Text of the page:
To address this, RMS explains that the new suite has been built using the new RMS pan-European Flood HD Models, which includes all sources of on, and off flood plain risk across a wide range of major and minor river networks.
“The consistency between data and probabilistic models makes the RMS Europe Inland Flood solution unique, and provides a suite of tools appositely designed for more informed flood risk management, from underwriting through to portfolio management,” said Mark.
Furthermore, the catastrophe risk-modelling firm explains that flood is one peril that’s impacts can be significantly mitigated through man-made defenses, both permanent and temporary.
In response, the RMS data suite provides both defended and undefended views of flood exposure with 70% of the data based on proprietary RMS research. “This opens up underwriting opportunities in well-defended locations,” says RMS.
Flood risk across Europe remains one of the costliest and most volatile exposures for companies and governments, and while efforts in the UK with the establishment of Flood Re and other flood loss mitigation and funding measures elsewhere across Europe aim to lighten the load, it remains an underserved risk.
The new suite from RMS aims to provide insurance and reinsurance companies with a more detailed and comprehensive view and understanding of flood across Europe, which could result in more opportunities for market participants to underwrite in regions they were previously unable to.
The capital markets and insurance-linked securities (ILS) fund managers also take a keen interest in developments surrounding flood risks, seeing it as a peak peril which ILS fund managers in particular are increasingly comfortable underwriting.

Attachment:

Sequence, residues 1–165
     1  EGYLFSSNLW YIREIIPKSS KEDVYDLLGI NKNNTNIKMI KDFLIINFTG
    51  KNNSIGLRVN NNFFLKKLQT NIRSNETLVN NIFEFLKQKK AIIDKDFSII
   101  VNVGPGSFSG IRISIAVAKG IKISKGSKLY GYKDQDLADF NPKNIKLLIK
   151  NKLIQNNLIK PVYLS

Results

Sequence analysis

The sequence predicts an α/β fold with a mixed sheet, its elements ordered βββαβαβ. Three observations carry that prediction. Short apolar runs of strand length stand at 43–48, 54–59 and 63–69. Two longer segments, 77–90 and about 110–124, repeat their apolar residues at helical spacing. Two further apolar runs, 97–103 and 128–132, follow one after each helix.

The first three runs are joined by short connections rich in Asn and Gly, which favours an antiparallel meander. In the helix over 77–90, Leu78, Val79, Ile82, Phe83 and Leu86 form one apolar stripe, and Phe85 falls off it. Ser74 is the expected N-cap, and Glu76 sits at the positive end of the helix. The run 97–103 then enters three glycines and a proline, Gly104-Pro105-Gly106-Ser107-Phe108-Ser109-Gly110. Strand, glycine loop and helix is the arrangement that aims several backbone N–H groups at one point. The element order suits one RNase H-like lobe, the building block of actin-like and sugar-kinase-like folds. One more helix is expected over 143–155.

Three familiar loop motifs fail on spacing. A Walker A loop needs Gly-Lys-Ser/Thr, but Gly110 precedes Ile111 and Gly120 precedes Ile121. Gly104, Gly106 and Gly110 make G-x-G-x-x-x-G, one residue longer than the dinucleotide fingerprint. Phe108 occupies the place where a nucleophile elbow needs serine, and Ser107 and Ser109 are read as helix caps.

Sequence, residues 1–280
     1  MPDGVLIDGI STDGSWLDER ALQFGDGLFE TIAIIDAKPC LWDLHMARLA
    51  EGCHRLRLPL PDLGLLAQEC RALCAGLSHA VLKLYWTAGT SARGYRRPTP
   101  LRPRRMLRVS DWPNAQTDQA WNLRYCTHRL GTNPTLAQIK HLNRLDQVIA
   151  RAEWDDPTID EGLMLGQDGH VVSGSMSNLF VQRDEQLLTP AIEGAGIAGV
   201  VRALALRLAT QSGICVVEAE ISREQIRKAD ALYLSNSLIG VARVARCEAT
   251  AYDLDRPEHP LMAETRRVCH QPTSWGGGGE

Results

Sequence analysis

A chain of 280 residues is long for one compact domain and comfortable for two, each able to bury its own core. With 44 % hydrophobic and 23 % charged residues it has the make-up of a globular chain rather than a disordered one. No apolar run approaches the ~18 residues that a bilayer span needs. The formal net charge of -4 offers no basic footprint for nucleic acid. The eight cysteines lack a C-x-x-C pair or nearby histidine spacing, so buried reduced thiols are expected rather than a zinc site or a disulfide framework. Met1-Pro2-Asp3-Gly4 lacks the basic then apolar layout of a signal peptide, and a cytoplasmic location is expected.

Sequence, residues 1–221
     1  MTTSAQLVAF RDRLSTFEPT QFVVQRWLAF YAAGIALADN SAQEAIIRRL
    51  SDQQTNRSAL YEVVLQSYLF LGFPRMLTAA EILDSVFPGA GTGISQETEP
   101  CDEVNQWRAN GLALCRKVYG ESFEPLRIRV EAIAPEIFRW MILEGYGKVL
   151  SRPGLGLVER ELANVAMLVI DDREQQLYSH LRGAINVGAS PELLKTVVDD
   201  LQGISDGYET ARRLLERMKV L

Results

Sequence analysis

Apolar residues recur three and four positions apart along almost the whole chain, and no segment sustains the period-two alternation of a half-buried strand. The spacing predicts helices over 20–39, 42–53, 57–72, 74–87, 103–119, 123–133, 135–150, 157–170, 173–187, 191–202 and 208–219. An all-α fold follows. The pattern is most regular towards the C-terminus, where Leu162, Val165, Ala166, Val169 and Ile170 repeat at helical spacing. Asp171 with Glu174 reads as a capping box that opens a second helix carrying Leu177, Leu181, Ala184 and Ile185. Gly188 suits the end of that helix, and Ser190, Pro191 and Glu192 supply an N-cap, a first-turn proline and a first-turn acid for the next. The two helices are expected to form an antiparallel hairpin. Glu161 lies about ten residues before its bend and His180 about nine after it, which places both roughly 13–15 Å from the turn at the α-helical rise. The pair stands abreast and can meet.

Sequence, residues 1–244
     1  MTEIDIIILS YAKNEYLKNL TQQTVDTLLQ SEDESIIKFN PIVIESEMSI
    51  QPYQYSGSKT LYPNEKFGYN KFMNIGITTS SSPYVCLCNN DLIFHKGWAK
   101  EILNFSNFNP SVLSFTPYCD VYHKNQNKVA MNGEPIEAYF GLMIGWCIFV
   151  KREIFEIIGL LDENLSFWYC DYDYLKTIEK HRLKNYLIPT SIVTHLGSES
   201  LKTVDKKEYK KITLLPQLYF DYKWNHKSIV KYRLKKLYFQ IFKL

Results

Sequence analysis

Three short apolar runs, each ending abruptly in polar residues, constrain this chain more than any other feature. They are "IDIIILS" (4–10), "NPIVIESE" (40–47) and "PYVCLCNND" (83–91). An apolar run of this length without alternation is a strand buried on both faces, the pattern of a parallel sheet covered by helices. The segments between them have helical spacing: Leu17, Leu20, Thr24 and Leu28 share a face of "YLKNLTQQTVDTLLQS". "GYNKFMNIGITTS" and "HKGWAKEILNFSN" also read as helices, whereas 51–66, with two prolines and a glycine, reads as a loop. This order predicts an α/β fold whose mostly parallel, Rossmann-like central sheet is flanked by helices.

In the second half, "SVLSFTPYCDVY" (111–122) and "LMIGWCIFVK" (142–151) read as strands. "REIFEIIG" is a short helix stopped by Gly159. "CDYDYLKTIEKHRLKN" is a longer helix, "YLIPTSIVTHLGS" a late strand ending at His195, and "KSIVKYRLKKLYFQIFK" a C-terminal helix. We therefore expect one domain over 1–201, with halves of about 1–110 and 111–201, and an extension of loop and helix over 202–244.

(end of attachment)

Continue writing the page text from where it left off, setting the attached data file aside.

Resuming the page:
With reinsurance capacity levels high it is unlikely that the ILS markets will make a dent in the markets flood risk capacity needs anytime soon, but higher resolution data will help ILS players to better understand flood risks associated with storms which could be extremely useful.
In recent years Europe has been hit by increasingly violent storms in the summer months, with hail storms, torrential rain and flooding all a risk. ILS markets have been exposed to these events, through reinsurance and retrocession contracts, so enhanced flood data is key.
Additionally, ILS funds are exposed to major European flood events through reinsurance and retrocession and ILS investors through sidecar vehicles as well. So the release of the highest resolution European flood data by RMS is an important step in helping the ILS market better understand its exposures.
Finally, if we are to ever see a flood catastrophe bond issued covering European risks, high resolution data will be key to model a flood cat bond and to provide sufficient comfort in their understanding of the risk to the ILS investor community.
While this will enable re/insurers with an opportunity to access new business in parts of Europe and provide them with a new revenue stream, it will also help narrow the flood insurance protection gap, ultimately supporting the expansion and development of the European flood market.